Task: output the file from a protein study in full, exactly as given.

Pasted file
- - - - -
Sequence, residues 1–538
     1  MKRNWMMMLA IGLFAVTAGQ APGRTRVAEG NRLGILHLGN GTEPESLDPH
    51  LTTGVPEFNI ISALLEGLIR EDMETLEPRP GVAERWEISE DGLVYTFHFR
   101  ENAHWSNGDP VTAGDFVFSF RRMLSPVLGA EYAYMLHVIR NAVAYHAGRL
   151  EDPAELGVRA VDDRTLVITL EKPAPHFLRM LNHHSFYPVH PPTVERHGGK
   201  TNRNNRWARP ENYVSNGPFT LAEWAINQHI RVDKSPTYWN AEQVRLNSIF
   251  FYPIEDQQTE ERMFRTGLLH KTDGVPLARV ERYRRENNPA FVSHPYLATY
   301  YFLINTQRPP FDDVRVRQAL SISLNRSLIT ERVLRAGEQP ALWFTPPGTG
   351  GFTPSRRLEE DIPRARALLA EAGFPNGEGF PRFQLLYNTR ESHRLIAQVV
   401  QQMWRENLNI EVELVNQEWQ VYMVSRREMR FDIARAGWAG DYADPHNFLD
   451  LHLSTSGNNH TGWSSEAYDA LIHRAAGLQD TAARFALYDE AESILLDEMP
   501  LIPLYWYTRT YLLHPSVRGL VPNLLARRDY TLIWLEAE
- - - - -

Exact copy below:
Sequence, residues 1–538
     1  MKRNWMMMLA IGLFAVTAGQ APGRTRVAEG NRLGILHLGN GTEPESLDPH
    51  LTTGVPEFNI ISALLEGLIR EDMETLEPRP GVAERWEISE DGLVYTFHFR
   101  ENAHWSNGDP VTAGDFVFSF RRMLSPVLGA EYAYMLHVIR NAVAYHAGRL
   151  EDPAELGVRA VDDRTLVITL EKPAPHFLRM LNHHSFYPVH PPTVERHGGK
   201  TNRNNRWARP ENYVSNGPFT LAEWAINQHI RVDKSPTYWN AEQVRLNSIF
   251  FYPIEDQQTE ERMFRTGLLH KTDGVPLARV ERYRRENNPA FVSHPYLATY
   301  YFLINTQRPP FDDVRVRQAL SISLNRSLIT ERVLRAGEQP ALWFTPPGTG
   351  GFTPSRRLEE DIPRARALLA EAGFPNGEGF PRFQLLYNTR ESHRLIAQVV
   401  QQMWRENLNI EVELVNQEWQ VYMVSRREMR FDIARAGWAG DYADPHNFLD
   451  LHLSTSGNNH TGWSSEAYDA LIHRAAGLQD TAARFALYDE AESILLDEMP
   501  LIPLYWYTRT YLLHPSVRGL VPNLLARRDY TLIWLEAE